Emotions play an important role in the market. Experienced traders, analysts, economists, and strategists do their best to denude themselves of their emotions when they are making trading decisions or recommendations.
That way they won’t be influenced by the peaks of euphoria and depths of despair that so often drive the ebb and flow of markets.
So when a major global bank, such as RBS, advises clients that they should “sell everything” investors had better take notice.
Writing in the UK Telegraph today Ambrose Evans-Pritchard says Andrew Roberts, and the interest rate strategy team at RBS, has advised clients to, “Sell everything except high-quality bonds. This is about return of capital, not return on capital. In a crowded hall, exit doors are small.”
That follows on from an incredibly bearish outlook for 2016 that Roberts’ team issued late last year.
At the time Roberts said there are “a number of bad headwinds affecting the world right now, which will worsen in 2016” and that this means RBS is wary of “mostly everything except high-quality 5-10y govt bonds,”
It’s easier to ask what markets and assets Roberts is not bearish on. But some of the highlights include a negative outlook for commodities, with RBS advising clients to “stay short all commodities. Yes, especially oil.”
Roberts is also bearish stocks saying “negative returns in 2016 are probable, though without a recession they should be manageable, think -10-20%, rather than a rout.”
No rout. That’s the good news.
But as a recommendation that stocks will fall, that investors should stay short commodities, and that in a global universe of available trades only buying bonds looks attractive suggests another tough year ahead for investors.
Part of Roberts’ original thesis was that there has been a dangerous build up of debt globally. Think the run up to the sub-prime crisis and the credit crunch that followed.
China is a big part of this Roberts says and, as a consequence is at the top his list of themes for 2016.
China, “has very high debt levels (as a % of GDP) given they are still emerging” and crucially they have accumulated this debt incredibly fast, he wrote.
Key here is not just the size of the debt pile, the “level” in Roberts term but a recognition that the faster the debt has been accumulated “the less the probability that it is in safe, ultra long-term, hands.”
Roberts says China is “only” the third greatest debt bubble build up in the last 25 years. But it remains a clear and present danger to markets and the global economy because like Thailand, just prior to the Asian crisis, and Ireland in the run-up to the sub-prime crisis, these episodes ended badly in every single case.
Roberts goes further noting that:
We can make a very strong conclusion that this build-up has occurred very fast, and as such makes China even more vulnerable to the slowdown as it occurs.
It is now happening – with obvious knock-on to the rest of EM.
As China slows, as it now is doing now that the credit binge comes home to roost, it is taking the world with it.
This is your number one theme for 2016, without any question in my mind.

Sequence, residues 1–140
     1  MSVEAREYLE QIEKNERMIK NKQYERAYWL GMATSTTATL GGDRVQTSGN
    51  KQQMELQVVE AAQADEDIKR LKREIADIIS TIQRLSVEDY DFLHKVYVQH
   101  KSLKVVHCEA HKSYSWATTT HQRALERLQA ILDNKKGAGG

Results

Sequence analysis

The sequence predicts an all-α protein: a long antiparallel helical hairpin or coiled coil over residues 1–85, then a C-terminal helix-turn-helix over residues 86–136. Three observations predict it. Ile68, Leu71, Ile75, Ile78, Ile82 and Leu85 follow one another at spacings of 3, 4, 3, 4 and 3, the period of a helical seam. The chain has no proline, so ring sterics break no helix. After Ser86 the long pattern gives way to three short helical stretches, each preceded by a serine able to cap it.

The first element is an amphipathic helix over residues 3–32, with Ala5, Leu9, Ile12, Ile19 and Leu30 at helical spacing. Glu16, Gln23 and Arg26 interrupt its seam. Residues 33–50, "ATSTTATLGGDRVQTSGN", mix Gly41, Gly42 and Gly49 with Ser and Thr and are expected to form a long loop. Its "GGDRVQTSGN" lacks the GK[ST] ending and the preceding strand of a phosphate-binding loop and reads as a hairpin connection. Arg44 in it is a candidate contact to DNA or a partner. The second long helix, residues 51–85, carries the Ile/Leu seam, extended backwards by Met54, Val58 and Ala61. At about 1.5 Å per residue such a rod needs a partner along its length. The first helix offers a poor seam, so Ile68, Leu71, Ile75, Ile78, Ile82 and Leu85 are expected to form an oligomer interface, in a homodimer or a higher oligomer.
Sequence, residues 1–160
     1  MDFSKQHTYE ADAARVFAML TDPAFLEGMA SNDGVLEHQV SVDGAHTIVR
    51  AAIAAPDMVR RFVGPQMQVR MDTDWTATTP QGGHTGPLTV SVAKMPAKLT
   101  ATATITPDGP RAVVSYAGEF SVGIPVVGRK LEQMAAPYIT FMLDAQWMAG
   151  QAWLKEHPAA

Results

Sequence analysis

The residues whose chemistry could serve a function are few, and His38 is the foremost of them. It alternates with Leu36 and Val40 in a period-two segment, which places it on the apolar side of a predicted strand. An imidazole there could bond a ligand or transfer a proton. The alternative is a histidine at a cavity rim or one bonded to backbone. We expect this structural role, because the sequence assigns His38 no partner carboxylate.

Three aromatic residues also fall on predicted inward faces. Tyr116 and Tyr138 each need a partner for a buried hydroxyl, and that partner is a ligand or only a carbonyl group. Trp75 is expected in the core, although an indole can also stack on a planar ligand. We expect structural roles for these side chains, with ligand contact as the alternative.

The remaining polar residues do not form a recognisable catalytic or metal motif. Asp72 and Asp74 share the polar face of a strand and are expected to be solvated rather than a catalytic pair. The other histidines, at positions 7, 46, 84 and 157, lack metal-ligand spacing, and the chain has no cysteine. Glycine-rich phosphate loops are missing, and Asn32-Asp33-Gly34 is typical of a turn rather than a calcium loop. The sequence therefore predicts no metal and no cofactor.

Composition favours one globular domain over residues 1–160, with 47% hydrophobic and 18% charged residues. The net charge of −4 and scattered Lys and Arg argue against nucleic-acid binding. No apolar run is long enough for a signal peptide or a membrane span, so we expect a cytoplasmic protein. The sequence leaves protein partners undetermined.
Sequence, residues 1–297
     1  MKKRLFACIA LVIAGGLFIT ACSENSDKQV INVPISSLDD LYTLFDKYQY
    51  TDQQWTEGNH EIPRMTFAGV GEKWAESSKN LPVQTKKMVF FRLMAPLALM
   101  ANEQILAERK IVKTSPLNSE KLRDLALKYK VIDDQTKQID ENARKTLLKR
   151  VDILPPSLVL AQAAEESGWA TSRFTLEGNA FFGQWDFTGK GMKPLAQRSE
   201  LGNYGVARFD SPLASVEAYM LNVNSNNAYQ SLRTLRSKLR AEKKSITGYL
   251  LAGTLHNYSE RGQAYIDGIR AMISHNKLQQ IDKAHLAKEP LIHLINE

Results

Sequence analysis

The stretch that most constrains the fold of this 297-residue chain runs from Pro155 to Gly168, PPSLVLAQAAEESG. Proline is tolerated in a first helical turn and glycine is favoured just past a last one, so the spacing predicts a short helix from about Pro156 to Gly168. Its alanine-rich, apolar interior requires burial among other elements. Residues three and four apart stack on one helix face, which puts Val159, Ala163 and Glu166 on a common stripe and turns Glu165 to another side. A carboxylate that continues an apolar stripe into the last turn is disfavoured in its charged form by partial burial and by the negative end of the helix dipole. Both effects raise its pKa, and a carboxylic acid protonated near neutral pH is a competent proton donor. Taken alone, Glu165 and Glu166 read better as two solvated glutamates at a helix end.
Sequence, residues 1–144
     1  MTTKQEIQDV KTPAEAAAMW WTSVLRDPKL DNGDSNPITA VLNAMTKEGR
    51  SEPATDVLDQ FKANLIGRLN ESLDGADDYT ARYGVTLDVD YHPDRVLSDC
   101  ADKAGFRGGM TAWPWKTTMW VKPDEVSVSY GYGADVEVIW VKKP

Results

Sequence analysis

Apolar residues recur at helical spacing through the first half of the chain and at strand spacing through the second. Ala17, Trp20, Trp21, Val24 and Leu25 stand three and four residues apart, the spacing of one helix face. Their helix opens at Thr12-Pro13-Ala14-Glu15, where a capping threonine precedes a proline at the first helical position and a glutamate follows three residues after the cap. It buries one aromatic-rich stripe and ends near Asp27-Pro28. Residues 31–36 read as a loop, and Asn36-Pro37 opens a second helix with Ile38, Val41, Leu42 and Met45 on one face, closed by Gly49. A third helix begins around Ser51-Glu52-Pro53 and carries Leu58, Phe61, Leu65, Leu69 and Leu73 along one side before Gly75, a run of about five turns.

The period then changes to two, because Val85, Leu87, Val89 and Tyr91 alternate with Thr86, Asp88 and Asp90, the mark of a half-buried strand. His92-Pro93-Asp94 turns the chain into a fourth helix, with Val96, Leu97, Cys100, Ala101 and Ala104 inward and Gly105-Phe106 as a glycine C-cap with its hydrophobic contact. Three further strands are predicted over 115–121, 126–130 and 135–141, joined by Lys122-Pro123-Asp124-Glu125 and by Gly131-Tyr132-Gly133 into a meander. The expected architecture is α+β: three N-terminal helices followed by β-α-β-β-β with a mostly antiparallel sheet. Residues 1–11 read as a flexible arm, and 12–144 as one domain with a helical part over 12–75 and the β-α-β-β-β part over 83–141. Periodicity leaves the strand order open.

Worryingly Roberts adds that, “the downside risks may still be being underplayed.”
If that’s the case, and if China continues to roil markets as it has so far in 2016, comments made by Dennis Lockhart, Atlanta Fed governor, in a speech last night will be important for markets as the year progresses.
Lockhart said “if the volatility continues for several weeks, I may have to revise my view that I don’t now see a connection between financial markets abroad and the real economy.”
That could change expectations about the path of Fed interest rates which might mitigate some of Roberts’ downside risks.
But nothing is going to drag oil back from the abyss. Roberts said oil was the only major concern with the potential to knock China off the number one spot for 2016.
His outlook is hugely bearish and he says:
We will now make that three in a row for bearish oil Year Aheads. All the reasons (demand, supply, stocks, Iran, El Nino), line up in the same very powerful direction. We are moving in a short-term $26 target and once reached down to $16. Our forecasts are for this to occur through 2016, but the risk is it occurs in Q1 as global oil demand drops off according to IEA forecasts and the world runs out of ships to store it in.
Debt, China, and collapsing oil are the primary themes for 2016, as well as stocks to fall and bonds to rally. But there are plenty more moving parts that Roberts and his team are worried about.
Here’s the RBS bullet point list of all their concerns for the year ahead.
My bullet point themes into 2016 are (remain):
Bearish China Bearish global commodities (hards, softs, fluids). And more specifically . . . Bearish oil (target $26, then clear risk of $16) CBs (mostly everywhere) will ease more The world has far too much debt to be able to grow well – global output
Emerging market majors (outside India & Eastern Europe) all remain sells Automation on its way to destroy 30-50% of all jobs in developed world Currency war / mercantilism
And my new bullet point themes:
Global disinflation risks turning into global deflation in 2016 Everyone thinks ‘goldilocks’. We thought this strongly for >2 years (on our liquidity theme) but now worry about equities/credit, both huge, multi-year, well held positions. Negative returns in 2016 are probable, though without a recession they should be manageable, think -10-20%, rather than a rout If we see weaker ‘risk on’ products, the last safe ‘high yielder’ is the EMU periphery. Our new 0.75% 10y BTP target could prove too high a yield Risks to 0.16% new 10y bund target are on the downside, not upside Main risk comes from oil. A plunge sub $20 would aid consumption
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